Introducing Enroute's Annual Group Strategy 2024-25

Our vision for high speed rail

Our 2050 Vision

Vision:

High speed rail

We believe a dedicated high-speed network will be the backbone of our public transport system.

Intro

Context

We believe a dedicated high-speed network will be the backbone of our public transport system. This will enable much more than reduced journey times between major cities; it will enable increased capacity and ease of travel, increased reliability and resilience, and will encourage significant modal shift away from domestic aviation, particularly between London and the Scottish Central Belt. 

As importantly, building new high-speed infrastructure for long-distance services will free up capacity on our existing network, enabling a step-change in frequency, capacity, efficiency and reliability for local, regional and commuter services, as well as freight on major arteries such as the West Coast Main Line.

HS2 should have been the beginning of a wider network connecting Great Britain. The cancellations of the planned legs to Leeds (November 2021) and Manchester (October 2023) are regrettable, and we would like to see those plans reinstated as soon as possible. However, for this vision, these recent events have given us the opportunity to think more broadly about the wider network we envisage, and how these plans could potentially be adapted to lay the groundwork for this.

There are varying definitions for ‘high-speed rail’. For the purpose of this vision, we are not specifying particular line speeds, as they may differ between lines (HS2 is planned at 225mph, whilst Northern Powerhouse Rail (NPR) would likely be delivered at 125mph, for example). We are focusing on the overall shape of the network, rather than the technical specifications of individual lines.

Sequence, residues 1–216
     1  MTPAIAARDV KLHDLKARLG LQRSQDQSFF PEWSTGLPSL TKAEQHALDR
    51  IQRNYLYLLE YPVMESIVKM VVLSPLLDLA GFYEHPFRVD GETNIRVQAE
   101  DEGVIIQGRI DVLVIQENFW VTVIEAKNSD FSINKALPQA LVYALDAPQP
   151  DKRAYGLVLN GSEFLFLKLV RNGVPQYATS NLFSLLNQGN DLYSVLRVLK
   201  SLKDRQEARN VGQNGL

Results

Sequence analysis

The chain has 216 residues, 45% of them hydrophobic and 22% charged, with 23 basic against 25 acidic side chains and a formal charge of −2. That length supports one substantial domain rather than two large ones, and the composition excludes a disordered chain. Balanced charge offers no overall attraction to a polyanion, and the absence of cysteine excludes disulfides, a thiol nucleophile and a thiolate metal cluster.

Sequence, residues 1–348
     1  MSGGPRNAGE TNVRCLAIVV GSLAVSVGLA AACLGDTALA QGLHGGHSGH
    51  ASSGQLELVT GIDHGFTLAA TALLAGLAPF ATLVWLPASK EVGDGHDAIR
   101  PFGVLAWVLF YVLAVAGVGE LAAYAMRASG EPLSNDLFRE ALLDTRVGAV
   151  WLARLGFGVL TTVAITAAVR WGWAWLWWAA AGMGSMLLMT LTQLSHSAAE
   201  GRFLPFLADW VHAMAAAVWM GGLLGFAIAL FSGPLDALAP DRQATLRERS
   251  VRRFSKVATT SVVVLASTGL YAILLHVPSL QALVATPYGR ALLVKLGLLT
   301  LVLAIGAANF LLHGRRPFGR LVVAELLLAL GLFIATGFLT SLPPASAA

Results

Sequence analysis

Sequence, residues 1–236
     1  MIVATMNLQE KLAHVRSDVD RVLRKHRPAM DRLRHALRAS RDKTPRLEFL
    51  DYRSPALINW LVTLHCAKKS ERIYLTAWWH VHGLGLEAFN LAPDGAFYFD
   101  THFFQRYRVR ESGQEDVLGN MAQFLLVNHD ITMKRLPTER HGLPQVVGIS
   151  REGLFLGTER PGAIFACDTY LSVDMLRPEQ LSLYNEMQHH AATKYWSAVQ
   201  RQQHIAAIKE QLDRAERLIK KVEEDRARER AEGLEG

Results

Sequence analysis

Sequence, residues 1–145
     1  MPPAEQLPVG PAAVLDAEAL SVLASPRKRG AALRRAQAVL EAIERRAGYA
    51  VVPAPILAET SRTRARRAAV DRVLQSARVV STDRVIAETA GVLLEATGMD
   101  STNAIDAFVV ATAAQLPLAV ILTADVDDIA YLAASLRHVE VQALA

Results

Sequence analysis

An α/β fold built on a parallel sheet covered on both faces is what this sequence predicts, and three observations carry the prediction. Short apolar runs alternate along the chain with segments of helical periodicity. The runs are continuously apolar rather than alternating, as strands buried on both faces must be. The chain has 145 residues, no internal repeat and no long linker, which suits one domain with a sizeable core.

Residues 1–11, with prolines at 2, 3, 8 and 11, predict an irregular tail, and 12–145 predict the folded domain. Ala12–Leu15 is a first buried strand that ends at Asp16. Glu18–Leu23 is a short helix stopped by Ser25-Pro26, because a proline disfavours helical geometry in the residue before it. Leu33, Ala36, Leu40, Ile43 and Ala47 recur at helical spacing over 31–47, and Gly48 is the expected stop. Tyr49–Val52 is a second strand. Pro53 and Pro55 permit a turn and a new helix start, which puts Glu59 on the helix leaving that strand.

What we think

Completing a core strategic network

We believe the completion of a core strategic network must be made a priority for completion by 2050. This includes extending dedicated high-speed infrastructure from Birmingham to Manchester and Liverpool, and from Birmingham, through the East Midlands, to Leeds and York. It also includes Northern Powerhouse Rail, which, when completed, should be fully new-build infrastructure from Liverpool, through Manchester, to Leeds and York, with further upgrades east and north to Hull and
Newcastle.

Plans for London Euston must revert to the original proposal of 11 platforms (which could be delivered in phases), in order to ensure the capacity needed for the core network and for future expansion.

We endorse the CrossNorth Programme (CNP) proposal (put forward by North on Track), for Northern Powerhouse Rail to run through central Manchester through a purpose-built east-west tunnel, separate from (previously planned) HS2 infrastructure. This would include underground stations at Manchester Piccadilly and Salford Interchange, enabling better connections to suburbs and nearby towns, reducing pressure on the Castlefield Corridor and enabling more efficient metro-style services on the existing network around Manchester. This new tunnel could be delivered ahead of new infrastructure west to Liverpool and east to Leeds, delivering significant capacity and reliability benefits sooner, whilst tying into a wider new network in the future.